Boku Dake ga Inai Machi or Erased, a twelve episode anime series based on a seinen manga. First released in 2012, the series ran for four years before wrapping earlier this year. The anime series, adapted and produced by A-1 Pictures kicked off at the start of the year and wrapped up three months ago.
What’s it about?
Boku Dake ga Inai Machi tells the story of a young man by the name of Satoro Fujinuma. Satoro works as a part-time pizza delivery boy and as a manga artist. For the most part his life is pretty normal although his editor believes his work lacks a personal touch. To anyone watching Satoru nothing would seem too much out of the ordinary but he possesses a strange ability.
Satoru has a sort of precognitive power, he senses danger then travels back in time a few minutes to prevent it. From the start this power appears to be more of a nuisance to Satoru than a gift and even though he saves lives, he doesn’t seem to pushed. For the most part, the young man is just going through the motions of life.
That is until a visit from his mother and a chance encounter unlock childhood memories.
After experiencing what he has dubbed as a ‘revival’, Satoru is unable to spot any danger. Confused, he tries to pass it off but his mother has other suspicions. Acting on them, Sachiko, gets in touch with a former colleague and confirms her fears. By interfering and investigation, Sachiko put herself in danger and winds up murdered. Satoru arrives home to find his mother dead and just in time to be framed at the scene as her killer.
The calamity, fear and distress at losing his mother, catapults Satoru back in time, to 1988, to his childhood. Satoru is now faced with having to solve the murder of three children in his hometown if he is to every put the future right.
Why should I watch it?
Have you ever watched a movie or read a book and your stomach sinks at the turn of the page or a scene fade? Boku Dake ga Inai Machi thrives on backing its characters and audience into a corner. I’ve never been as tense or anxious watching something before. It doesn’t take much digging to see just why either as a very familiar name is attached to the series.
Tomohiko Itō tackles the series as director, best known for his work on Death Note and The Girl Who Leapt Through Time. From the outset it’s pretty clear that these pieces have a strong influence on his direction. Death, mystery and a chance to change lives, Itō pours over every single detail to bring the story to life.
Characters develop and change according to the circumstances put in place by Satoru. His ten-year old self possesses the memories and maturity of his future self, giving him foresight to plan every move. His aim, to prevent the murder of his classmate Kayo Hinazuki and two other innocent children. Satoru doesn’t feel comfortable in his role as saviour but with little choice he throws himself at the task. To save their lives, he finds himself having to change his own behaviour and learn to not just tolerate other people. His story and transition from introvert, is compelling and you can’t help but get behind him and hope he pulls through.
The support cast are made up of equally interesting characters. Hinazuki is a fragile young girl who fights back against a cruel world the only way she knows how – apathy. As her relationship with Satoru grows, we see a softer side to Kayo. Their bond and friendship is real tug on the heart-strings.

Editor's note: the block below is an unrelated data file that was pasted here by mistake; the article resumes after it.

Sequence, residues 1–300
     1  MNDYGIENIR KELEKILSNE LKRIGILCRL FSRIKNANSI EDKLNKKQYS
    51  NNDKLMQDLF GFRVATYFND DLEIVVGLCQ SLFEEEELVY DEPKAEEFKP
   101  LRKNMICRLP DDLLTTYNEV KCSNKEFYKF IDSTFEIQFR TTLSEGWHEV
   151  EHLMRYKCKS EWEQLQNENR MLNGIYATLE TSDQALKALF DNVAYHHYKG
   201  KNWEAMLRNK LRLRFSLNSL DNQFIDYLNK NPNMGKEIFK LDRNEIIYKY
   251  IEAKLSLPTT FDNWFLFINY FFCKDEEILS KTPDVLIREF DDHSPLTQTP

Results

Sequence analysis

Satoru’s mother, Sachiko, acts as the antithesis to a lot of the other parental/adult figures in the series. She is kind, caring, understanding and exceptionally intuitive. She affords Satoru just enough freedom to do what he needs to do but all the while watches his and others movements carefully.
Boku Dake ga Inai Machi is an emotional experience and you’ll find yourself connected to these characters.
Eventually you will wind up trying to out think Satoru! You’ll analyse how each decision he makes could alter the future of those around him. Boku Dake ga Inai Machi works so many different angles in terms of the narrative and the characters. The show isn’t content with throwing just one mystery at you! With each episode your theories become void and new ones form.
In terms of animation style, Boku Dake ga Inai Machi uses colour and shadow very well. Red is a key indicator of something important whether it’s the glint in the killers eyes or Kayo’s winter coat. Against the somewhat other bland colour palette, these indicators pop more. As Satoru is about to experience a ‘revival’ he often notices a light blue butterfly flutter before him. This blue is even stronger and more eye-catching than the red, lending more significance to the power of a ‘revival’.
Nothing about Boku Dake ga Inai Machi feels wasted! Every scene and every scrap of dialogue feels like it’s as important as the last. The series encapsulates and surrounds you, pulling you deeper into Satoru’s world with each episode. In the end, it’s all wrapped up quickly and while it may feel anti-climactic to some, I think the conclusion offers what the characters and audience needed; closure.
Interested in other anime series with elements of mystery and thriller? Then I heartily recommend you check out Terror In Resonance, Serial Experiments Lain and Fantastic Children. Already watched one or all of these? You’ll love Boku Dake ga Inai Machi, I guarantee it!
Editor-in-Chief, part-time super villain and hoarder of cats. If you can’t find me writing, I’m probably in the kitchen!